Near the end of the campaign I wrote a column called “Imagine a Sane Donald Trump,” lamenting that I believed he was crazy, and too bad. Too bad because his broad policy assertions, or impulses, suggested he understood that 2008 and the years just after (the crash and the weak recovery) had changed everything in America, and that the country was going to choose, in coming decades, one of two paths—a moderate populism or socialism—and that the former was vastly to be preferred, for reasons of the nation’s health. A gifted politician could make his party the leader toward that path, which includes being supportive and encouraging of business but willing to harness government to alleviate the distress of the abandoned working class and the anxious middle class; strong on defense but neither aggressive nor dreamy in world affairs; realistic and nonradical on social issues while unmistakably committed to protecting the freedoms of the greatest cohering force in America, its churches; and aware that our nation’s immigration reality was a scandal created by both parties, and must be redressed.
You could discern, listening to his interviews and speeches, that this was more or less where Donald Trump stood. If a politician governed along those lines, he could help bring forward a politics more pertinent to the times, end brain-dead fixations, force both parties to question their ways of operating, and possibly push our national politics in a more productive direction. All this in my view would be good.
Undergirding my thinking is the sense that a big bad day is coming—that we have too many enemies, and some of them have the talent to hurt us, and one or more inevitably will. Whatever helps hold us together now will help hold us together then, when we’re under severe pressure.
Behind that thought is the observation that our country is stressed to the point of fracture culturally, economically, politically, spiritually. We find it hard to hold together on a peaceful day, never mind a violent one. And so right now we must institute as much good feeling and cooperation in Washington as we can. The nation longs for examples of constructiveness and capability. We’ve got to keep the long view in mind.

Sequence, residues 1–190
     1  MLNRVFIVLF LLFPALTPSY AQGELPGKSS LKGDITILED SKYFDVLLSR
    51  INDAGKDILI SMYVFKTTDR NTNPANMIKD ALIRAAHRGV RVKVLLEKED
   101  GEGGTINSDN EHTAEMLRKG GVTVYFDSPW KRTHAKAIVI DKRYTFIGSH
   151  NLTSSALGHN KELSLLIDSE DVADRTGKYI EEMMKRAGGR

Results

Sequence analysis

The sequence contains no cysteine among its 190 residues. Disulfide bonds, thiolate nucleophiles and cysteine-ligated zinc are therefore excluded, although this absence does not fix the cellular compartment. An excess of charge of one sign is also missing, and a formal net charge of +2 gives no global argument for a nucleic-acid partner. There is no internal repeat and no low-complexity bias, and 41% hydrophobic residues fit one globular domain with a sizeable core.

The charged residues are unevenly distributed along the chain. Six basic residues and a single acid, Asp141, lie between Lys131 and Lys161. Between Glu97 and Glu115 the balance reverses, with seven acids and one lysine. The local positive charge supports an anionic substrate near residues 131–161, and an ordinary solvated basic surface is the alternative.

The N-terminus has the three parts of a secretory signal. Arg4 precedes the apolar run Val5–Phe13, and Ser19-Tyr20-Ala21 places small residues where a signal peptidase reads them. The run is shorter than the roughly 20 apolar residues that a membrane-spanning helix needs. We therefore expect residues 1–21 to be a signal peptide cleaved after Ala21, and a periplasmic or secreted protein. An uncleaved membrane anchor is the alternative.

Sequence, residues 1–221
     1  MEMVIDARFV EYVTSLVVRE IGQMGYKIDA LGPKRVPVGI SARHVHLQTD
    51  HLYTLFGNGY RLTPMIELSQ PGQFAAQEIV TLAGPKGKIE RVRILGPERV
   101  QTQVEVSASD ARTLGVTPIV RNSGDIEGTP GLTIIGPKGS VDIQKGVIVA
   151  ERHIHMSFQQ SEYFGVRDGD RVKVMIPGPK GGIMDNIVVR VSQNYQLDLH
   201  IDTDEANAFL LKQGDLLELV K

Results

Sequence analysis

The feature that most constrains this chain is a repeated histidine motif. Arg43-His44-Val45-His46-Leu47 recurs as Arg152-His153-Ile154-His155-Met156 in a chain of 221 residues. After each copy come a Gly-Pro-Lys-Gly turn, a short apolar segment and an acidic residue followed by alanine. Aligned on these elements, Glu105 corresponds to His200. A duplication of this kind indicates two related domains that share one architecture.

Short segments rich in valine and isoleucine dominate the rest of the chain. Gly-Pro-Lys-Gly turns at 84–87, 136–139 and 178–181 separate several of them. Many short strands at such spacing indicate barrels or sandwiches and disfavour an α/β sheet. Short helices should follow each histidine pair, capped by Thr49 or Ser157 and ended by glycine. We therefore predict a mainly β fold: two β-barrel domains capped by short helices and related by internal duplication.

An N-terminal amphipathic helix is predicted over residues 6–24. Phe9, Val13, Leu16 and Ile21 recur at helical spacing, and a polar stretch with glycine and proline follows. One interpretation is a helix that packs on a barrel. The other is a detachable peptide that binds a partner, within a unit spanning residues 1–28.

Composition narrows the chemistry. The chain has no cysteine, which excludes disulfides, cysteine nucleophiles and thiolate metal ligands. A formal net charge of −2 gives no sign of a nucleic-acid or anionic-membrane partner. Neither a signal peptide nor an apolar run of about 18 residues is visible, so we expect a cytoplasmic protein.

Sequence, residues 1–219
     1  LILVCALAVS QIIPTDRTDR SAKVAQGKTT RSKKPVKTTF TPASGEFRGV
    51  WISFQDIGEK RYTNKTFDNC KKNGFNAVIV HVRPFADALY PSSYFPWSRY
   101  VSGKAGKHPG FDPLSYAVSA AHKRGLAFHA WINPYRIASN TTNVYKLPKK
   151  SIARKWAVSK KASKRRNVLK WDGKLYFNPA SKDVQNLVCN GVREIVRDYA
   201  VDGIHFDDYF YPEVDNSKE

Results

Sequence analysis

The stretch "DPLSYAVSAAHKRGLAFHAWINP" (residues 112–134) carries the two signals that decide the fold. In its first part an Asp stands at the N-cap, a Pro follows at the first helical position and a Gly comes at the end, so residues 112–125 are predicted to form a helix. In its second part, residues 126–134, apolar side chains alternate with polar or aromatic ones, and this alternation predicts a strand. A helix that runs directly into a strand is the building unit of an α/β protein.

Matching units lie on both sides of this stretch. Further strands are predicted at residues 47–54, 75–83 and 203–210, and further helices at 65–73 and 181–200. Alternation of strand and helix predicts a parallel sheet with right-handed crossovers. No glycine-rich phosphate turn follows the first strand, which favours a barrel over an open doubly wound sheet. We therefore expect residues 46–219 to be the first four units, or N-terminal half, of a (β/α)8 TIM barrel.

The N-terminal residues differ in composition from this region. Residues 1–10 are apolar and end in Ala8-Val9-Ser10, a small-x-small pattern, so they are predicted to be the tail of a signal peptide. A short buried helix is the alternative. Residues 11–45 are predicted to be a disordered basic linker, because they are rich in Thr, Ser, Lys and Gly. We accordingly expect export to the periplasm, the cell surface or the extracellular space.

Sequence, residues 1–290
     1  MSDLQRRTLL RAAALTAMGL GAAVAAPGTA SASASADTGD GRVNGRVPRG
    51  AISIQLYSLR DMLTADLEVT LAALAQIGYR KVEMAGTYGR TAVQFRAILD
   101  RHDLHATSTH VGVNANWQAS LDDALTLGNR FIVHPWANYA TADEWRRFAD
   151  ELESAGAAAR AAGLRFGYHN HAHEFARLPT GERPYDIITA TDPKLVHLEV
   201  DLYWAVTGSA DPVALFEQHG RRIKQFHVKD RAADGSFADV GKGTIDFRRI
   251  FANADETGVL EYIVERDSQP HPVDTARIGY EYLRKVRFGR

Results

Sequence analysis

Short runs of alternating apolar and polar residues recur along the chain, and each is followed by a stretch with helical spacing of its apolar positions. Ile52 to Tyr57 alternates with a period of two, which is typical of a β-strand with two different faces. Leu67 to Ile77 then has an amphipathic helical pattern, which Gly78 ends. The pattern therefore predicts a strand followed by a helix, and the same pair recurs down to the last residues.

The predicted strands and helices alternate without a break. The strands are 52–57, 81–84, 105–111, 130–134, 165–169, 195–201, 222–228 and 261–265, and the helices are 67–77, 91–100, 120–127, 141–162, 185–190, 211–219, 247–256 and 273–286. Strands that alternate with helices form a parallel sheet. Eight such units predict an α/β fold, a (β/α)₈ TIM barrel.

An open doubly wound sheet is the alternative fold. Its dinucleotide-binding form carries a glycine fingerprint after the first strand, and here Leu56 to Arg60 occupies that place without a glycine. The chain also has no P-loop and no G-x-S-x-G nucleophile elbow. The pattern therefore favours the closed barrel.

The priority is stabilizing and strengthening what we have, and encouraging wherever possible an atmosphere of peacefulness and respect.
That’s where I am, or rather what I think is politically desirable.
Looking at the administration 70 days in, things do not, in these areas, look promising. There’s too much gravitational pull to the president’s accumulated mistakes.
His stupid tweets have now resulted in the Russia probe. That will help opioid addicts in Ohio. This Thursday he may have launched a Republican civil war: The Freedom Caucus had better “get on the team, & fast. We must fight them, & the Dems, in 2018!” That will help promote harmony. His staff has failed to absorb the obvious fact that Mr. Trump was so outsized, colorful, and freakish a character that their primary job, and an easy one it was, was to be the opposite—sober, low-key, reassuring. Instead they seemed to compete with him for outlandishness.
Whatever your feelings and views, whatever was said behind closed doors, in the photo-op the president of the United States must shake the German chancellor’s hand. Not only because you are a gentleman, not only because it is your job to represent America with grace, but because a baseline requirement of your office is to show public respect for a great nation with which we have a history, part of that history constituting a jewel in the crown of 20th-century world diplomacy.